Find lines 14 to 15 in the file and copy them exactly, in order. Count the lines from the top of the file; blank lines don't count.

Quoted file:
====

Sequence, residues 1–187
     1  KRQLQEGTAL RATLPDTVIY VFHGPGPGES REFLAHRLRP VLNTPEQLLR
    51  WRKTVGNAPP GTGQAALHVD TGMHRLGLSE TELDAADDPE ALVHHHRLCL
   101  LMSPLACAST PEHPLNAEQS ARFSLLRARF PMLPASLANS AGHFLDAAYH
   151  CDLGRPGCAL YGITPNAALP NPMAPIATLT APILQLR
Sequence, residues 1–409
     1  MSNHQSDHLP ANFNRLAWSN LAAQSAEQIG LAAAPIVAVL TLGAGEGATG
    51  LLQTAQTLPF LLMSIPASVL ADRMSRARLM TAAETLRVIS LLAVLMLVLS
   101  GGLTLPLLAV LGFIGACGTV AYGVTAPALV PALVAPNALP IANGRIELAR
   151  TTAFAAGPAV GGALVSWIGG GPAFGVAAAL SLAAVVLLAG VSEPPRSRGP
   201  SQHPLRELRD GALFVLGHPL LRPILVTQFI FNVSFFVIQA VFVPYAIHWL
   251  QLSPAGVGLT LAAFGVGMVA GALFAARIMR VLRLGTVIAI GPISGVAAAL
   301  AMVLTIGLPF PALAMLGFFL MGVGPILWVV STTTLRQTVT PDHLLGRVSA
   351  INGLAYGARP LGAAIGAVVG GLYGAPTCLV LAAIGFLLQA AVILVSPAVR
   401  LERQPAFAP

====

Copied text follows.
   351  INGLAYGARP LGAAIGAVVG GLYGAPTCLV LAAIGFLLQA AVILVSPAVR
   401  LERQPAFAP